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    Ok yep, the Huang in table 2.6 does thow (throw+show) the triplet-triplet boxes amd the triplet-antritriplet ones, but as you could expect he does not work out the antitriplet-antitriplet. Perhaps a reference could be the 8x8 example, deleting out all the 2,2' boxes, so that only two different tableaus remain, one with two rows of two squares each, and another of thre rows (so 2,1,1, squares). Before, in section three, it is stressed that you never go beyond three rows, for SU(3).
     
  7. Feb 26, 2006 #6

    Uma

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    Hi arivero,

    Yea, they don´t usually work that case, so I am still with my original question.

    The origin of my question is because I am interested in tetraquarks, I actually didn´t know about diquarks in SUSY theories.
     
  8. Feb 27, 2006 #7

    arivero

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    I see. I still think that the 8x8 example could help, as labeled in Huang's book. I guess you have already perused all the bibliography; Jaffe has a recent one, in addition to the old 1977 you told. Also Wilczek.

    I am interested in any reason fo forbid the +4/3 (uu, cc, uc) diquarks but at the same time still allowing dd or ss diquarks.
     
  9. Feb 28, 2006 #8

    Uma

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    With respect to the question I had, the solution didn´t came to me from Huang´s book, but finally I understood what I needed to, thank you for the help.

    So, in what you are working, you wouldn´t have SU(3) flavor symmetry anymore?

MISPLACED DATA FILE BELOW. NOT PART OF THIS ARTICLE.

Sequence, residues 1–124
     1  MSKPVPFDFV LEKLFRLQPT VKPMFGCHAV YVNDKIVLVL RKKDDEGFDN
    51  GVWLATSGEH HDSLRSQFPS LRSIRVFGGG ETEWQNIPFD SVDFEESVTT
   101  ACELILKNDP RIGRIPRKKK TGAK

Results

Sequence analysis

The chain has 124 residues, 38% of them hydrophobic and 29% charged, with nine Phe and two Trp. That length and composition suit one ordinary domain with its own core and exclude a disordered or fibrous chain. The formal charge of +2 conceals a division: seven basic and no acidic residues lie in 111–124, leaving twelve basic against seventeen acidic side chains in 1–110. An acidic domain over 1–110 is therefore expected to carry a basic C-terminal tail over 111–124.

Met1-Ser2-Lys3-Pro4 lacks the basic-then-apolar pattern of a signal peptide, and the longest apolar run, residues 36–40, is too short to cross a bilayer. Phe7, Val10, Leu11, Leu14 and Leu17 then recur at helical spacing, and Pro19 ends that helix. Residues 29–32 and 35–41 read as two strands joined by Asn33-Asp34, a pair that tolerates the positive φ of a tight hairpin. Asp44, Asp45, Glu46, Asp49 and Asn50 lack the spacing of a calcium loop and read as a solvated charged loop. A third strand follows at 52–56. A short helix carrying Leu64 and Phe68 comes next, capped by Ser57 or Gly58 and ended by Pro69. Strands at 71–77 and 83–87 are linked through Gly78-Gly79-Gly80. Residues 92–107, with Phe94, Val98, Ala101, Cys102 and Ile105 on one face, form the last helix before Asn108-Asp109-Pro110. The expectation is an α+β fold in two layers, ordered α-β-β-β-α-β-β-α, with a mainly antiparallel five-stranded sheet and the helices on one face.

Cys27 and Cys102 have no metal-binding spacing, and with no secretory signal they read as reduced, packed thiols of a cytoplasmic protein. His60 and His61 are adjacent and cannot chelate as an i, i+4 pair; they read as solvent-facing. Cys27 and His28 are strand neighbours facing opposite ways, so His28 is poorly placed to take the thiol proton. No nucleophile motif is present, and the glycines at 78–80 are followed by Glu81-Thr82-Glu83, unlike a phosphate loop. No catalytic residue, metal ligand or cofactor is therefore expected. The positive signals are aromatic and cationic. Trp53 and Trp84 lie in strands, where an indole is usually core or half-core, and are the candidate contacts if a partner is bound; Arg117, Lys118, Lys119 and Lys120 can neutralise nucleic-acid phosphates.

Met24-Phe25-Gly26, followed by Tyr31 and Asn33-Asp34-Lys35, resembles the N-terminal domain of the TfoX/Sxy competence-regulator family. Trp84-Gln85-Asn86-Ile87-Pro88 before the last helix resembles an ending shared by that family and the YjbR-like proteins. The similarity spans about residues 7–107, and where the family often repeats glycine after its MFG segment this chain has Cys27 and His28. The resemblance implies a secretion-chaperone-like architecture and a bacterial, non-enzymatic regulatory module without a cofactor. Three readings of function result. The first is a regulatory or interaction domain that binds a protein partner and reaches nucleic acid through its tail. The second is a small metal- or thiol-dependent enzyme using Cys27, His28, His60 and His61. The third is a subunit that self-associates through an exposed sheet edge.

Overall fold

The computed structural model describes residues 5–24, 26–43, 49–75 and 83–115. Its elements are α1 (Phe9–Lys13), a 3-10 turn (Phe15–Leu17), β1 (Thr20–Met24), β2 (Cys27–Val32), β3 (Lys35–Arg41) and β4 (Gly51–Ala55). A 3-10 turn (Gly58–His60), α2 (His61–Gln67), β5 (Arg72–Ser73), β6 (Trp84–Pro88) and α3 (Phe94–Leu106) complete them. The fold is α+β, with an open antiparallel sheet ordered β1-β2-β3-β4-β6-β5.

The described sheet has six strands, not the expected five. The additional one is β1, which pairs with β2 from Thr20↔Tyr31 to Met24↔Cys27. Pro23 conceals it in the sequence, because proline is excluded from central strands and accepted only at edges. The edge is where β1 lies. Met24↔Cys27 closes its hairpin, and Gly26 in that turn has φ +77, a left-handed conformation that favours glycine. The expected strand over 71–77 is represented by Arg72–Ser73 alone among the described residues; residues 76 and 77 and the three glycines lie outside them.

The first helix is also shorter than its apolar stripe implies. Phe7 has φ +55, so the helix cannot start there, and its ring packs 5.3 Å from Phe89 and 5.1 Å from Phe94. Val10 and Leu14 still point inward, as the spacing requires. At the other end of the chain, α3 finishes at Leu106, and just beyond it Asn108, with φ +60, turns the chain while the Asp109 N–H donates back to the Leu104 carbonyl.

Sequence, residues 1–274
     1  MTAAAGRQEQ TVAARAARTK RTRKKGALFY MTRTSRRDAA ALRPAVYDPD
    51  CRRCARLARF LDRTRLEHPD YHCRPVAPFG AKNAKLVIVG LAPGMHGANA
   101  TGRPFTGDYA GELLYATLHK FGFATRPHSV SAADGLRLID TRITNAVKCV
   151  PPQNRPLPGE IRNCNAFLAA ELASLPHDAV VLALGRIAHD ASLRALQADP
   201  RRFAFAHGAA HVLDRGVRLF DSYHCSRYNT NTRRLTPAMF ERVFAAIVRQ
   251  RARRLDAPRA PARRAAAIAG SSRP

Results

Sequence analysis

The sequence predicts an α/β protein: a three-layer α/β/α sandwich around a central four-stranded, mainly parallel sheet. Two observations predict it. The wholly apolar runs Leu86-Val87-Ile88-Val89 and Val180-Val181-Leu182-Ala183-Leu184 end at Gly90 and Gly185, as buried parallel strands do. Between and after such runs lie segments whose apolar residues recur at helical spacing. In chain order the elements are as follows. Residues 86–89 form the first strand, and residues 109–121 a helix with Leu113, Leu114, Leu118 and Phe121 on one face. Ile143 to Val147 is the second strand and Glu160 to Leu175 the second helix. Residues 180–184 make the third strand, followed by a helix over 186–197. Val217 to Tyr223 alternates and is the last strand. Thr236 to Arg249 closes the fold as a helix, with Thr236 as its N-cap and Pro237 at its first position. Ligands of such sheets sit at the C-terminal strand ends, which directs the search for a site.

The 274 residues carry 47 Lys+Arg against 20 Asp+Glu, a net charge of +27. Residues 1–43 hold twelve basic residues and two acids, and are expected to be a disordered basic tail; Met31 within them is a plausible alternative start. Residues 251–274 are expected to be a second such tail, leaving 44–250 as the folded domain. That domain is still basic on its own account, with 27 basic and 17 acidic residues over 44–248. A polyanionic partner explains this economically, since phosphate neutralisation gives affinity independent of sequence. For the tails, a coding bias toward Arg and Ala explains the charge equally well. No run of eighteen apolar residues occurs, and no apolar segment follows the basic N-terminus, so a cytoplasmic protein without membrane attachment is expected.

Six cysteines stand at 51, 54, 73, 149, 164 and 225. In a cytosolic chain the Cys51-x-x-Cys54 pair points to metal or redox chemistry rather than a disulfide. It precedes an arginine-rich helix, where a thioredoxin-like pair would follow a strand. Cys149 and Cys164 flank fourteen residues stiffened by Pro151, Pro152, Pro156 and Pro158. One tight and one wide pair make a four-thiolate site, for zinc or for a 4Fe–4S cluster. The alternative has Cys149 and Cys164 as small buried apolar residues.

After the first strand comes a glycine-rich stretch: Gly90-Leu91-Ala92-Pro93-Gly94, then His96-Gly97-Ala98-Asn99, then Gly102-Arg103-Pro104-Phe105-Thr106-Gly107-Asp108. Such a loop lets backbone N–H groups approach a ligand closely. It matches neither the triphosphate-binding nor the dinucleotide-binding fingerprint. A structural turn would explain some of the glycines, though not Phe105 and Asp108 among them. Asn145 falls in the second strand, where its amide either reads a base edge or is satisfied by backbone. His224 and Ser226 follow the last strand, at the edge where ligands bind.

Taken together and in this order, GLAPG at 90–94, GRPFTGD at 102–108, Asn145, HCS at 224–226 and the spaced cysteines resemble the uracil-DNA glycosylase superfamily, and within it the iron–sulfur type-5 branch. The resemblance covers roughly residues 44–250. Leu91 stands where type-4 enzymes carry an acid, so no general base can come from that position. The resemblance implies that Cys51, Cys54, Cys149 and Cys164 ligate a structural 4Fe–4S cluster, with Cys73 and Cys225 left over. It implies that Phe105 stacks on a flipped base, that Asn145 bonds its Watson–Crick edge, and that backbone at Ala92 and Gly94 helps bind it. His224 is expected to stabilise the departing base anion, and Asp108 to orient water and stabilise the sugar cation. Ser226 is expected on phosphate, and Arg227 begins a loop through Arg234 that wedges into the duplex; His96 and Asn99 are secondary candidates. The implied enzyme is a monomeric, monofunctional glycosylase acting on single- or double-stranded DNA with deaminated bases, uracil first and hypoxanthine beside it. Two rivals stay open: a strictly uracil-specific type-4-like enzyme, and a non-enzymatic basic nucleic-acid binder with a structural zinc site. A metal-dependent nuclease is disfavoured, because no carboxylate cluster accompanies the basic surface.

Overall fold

10. Mar 1, 2006 #9

    arivero

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    I am not sure how the diquarks could carry flavour symmetry, in fact was recalling all of these group theory just to understand how to pair each fermionic quark with two scalar diquarks. I do not discard that the mixing could illuminate the need for Cabibbo angles. At the moment, all I have is the double coindence between degrees of freedom: that binding five diferent quarks into diquarks you have 6 scalar degrees of charge 2/3, 6 scalar degrees of charge 1/3 and its antiparticles (plus three spoureous? of charge 4/3), and that by binding five diferent quarks into mesons you have 6 scalar degrees of charge +1 plus their antiparticles plus some bunch of charge 0 things. So I could control the loops making the higgs diverge if the coupling of higgs to diquarks were of the same order that the coupling to quarks.

    As for the sextet... well, better a different post, wait a moment
     
  11. Mar 1, 2006 #10

    arivero

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    As for the colour sextet, I am surprised it is an older object than I had first guessed. There are a PhysRevD of Freund and Hill in 1979 speculating if the b quark was to be adscribed to a color sextet instead of a triplet; the goal was to increase the binding force of Upsilon and to adjust the first excited state. Very intriguing. And there is a preprint from Fukazawa, Muta and others from 1990 suggesting that "color-sextet quark condensates" could be the origin of electroweak symmetry breaking; it seems that the idea goes back to a PhysRevD of Marciano in 1980.

    The most persistent player is Lichtenberg, who has published on diquarks in 2004 but that really started the word in 1968, PhysRev 167 p 1535 as a follow-up to PhysRev 155 p 1601, of 1967!